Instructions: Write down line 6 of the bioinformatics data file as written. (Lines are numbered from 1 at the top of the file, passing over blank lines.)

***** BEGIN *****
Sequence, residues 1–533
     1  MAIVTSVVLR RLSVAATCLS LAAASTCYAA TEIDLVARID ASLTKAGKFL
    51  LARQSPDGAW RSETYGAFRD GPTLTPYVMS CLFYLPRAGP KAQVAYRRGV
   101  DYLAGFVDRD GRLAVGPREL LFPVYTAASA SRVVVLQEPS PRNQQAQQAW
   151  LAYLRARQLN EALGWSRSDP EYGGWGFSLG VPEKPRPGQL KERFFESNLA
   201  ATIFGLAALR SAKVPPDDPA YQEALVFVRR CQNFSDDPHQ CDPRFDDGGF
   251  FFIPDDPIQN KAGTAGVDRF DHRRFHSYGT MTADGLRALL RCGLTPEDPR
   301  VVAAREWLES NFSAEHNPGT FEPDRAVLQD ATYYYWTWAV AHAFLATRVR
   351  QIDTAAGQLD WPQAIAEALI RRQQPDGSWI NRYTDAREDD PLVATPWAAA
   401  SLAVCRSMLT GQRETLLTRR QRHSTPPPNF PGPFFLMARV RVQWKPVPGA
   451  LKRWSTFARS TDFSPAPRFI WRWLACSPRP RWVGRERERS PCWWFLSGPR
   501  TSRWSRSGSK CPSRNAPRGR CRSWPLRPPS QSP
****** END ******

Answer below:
   201  ATIFGLAALR SAKVPPDDPA YQEALVFVRR CQNFSDDPHQ CDPRFDDGGF